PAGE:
Post-lockdown unemployment rate could hit 6.5%, says think tank

Some 54,000 people lost their jobs in the first quarter of this year, largely due to the Covid-19 lockdown.

PETALING JAYA: Unemployment rate could hit 6.5% by the end of the second quarter, a think tank has warned.

In its quarterly economy tracker briefing, Socio-Economic Research Centre quoted figures from the government work insurance scheme Socso, saying 53,952 lost their jobs between January and July 4 this year, exceeding the figure for the whole of last year.

This figure only covers contributors to Socso’s Employment Insurance System and does not take into account some 2.7 million who are self-employed.

But SERC said with signs that the economy was slowly recovering, the unemployment rate could stabilise.

“That’s why I believe the unemployment rate will likely peak going to the third quarter,” said SERC executive director Lee Heng Guie.

The second quarter figures have not yet been published.

“The forecast is between 5.5% and 6.5%. We hope it will settle at 5.5%,” adding that the unemployment rate in normal times is 3.1%. The current unemployment rate in the first quarter is 5%.

He noted the government’s labour market initiatives including the Wage Subsidy Programme and Employment Retention Programme (ERP) have managed to save some 2.7 million jobs.

But he said with nearly 200,000 people applying for the ERP, it could signal more job losses.

Lee said there is a need to stabilise the unemployment rate to ensure consumer spending continues.

“Overall, SERC expects private consumption to slow to 1.5% in 2020. When Malaysians feel safer from the virus and have more secure incomes, they will start to spend,” he added.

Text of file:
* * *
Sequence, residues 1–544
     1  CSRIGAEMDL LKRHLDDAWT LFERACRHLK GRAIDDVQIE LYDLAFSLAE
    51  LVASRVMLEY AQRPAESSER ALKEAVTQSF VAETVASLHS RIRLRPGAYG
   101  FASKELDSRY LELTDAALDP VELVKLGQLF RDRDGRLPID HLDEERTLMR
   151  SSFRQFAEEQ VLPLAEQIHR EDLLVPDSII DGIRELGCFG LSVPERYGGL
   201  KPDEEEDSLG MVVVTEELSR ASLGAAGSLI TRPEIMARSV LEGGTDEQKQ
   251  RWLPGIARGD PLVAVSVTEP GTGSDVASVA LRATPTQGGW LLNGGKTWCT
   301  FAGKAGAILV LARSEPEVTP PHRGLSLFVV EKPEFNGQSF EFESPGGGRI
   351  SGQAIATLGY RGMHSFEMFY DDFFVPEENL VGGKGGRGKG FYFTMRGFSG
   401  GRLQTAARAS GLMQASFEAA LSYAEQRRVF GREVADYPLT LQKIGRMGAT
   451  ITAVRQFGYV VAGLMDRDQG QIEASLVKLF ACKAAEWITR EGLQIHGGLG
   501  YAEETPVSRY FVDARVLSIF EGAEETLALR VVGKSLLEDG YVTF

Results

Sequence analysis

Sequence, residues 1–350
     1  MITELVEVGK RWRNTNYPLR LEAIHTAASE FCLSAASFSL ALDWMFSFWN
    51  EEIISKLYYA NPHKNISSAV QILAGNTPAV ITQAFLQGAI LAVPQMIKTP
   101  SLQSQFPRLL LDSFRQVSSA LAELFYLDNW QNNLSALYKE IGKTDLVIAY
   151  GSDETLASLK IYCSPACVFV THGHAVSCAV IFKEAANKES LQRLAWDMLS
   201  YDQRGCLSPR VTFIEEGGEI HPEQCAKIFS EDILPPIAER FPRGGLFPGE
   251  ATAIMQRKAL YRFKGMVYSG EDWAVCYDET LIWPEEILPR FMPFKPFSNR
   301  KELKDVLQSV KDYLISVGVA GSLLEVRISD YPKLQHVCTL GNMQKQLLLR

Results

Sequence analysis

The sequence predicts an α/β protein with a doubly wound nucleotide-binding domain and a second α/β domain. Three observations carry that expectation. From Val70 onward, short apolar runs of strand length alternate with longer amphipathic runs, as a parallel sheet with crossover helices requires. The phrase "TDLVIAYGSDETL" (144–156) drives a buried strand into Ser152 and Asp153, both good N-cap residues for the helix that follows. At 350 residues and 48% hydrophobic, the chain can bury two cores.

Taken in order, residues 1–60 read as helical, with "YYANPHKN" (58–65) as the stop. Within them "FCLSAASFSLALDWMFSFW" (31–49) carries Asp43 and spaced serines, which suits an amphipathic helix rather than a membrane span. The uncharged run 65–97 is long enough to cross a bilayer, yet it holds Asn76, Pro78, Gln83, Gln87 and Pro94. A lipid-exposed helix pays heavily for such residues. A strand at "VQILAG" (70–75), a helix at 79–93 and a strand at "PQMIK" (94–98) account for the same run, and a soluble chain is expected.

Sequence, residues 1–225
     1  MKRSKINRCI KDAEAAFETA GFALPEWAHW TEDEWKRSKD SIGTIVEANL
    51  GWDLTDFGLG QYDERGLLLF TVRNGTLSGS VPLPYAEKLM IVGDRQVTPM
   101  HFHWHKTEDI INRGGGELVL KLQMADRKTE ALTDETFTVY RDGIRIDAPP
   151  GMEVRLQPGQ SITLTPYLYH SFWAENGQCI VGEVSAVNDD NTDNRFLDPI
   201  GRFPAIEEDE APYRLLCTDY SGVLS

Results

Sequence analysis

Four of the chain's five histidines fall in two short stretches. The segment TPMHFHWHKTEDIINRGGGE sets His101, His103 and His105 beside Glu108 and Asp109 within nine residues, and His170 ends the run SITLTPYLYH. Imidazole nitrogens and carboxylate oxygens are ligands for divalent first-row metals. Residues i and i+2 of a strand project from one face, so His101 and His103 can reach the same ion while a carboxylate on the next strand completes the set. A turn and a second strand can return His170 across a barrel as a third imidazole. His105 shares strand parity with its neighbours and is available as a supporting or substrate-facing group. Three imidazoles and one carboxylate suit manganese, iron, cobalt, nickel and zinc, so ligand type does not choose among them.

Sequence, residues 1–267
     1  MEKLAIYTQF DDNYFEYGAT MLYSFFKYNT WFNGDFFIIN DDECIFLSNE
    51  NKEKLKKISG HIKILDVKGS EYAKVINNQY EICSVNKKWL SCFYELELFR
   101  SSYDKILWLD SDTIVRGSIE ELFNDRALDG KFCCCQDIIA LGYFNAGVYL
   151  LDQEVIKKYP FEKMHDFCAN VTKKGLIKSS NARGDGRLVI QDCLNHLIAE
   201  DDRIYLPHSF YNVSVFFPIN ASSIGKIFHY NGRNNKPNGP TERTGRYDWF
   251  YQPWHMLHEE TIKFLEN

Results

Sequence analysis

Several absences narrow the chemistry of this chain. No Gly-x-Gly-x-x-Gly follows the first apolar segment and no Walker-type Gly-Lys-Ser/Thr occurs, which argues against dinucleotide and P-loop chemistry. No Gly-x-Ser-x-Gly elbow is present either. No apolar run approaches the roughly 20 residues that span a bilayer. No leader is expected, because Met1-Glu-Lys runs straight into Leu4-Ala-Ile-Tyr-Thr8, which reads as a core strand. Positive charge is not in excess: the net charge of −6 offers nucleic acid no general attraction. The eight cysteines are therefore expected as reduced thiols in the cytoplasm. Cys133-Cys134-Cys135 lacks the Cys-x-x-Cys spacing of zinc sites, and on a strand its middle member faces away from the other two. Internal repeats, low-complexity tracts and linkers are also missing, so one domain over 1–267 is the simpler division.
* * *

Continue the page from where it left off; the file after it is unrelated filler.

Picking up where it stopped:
He said people were now more confident to resume lives, adding that it could spur consumer spending in the second half of the year.

“Shopping at retailers is a key indicator to watch whether footfalls at key shopping malls have improved.”

Footfalls refer to the number of people entering a shopping area.

Currently, he said, footfalls in major shopping malls range from 50% to 70%, while sales are up to around 40%.

About 10% of retail outlets in some mid-tier malls have closed down.

Lee also said political stability and policy consistency were crucial to draw foreign and domestic investors.

“To investors what is most important is policy continuity and meaningful reforms so that investors have the confidence on where we are heading.

“We must avoid policy flip flops.”

He also said there must be an emphasis on foreign direct investments (FDI) and domestic direct investments (DDI), and for this to happen, clarity in policy direction was important.

“It is good that the National Economic Recovery Plan (Penjana) rolled out impactful measures to encourage FDI and DDI, especially small and medium enterprises (SMEs).”

For the coming budget, Lee said he hoped the government would consider incentives such as lowering corporate tax from 24% to 22%, and 17% to 15% for SMEs, as well as upgrading incentives and allowances for investments.

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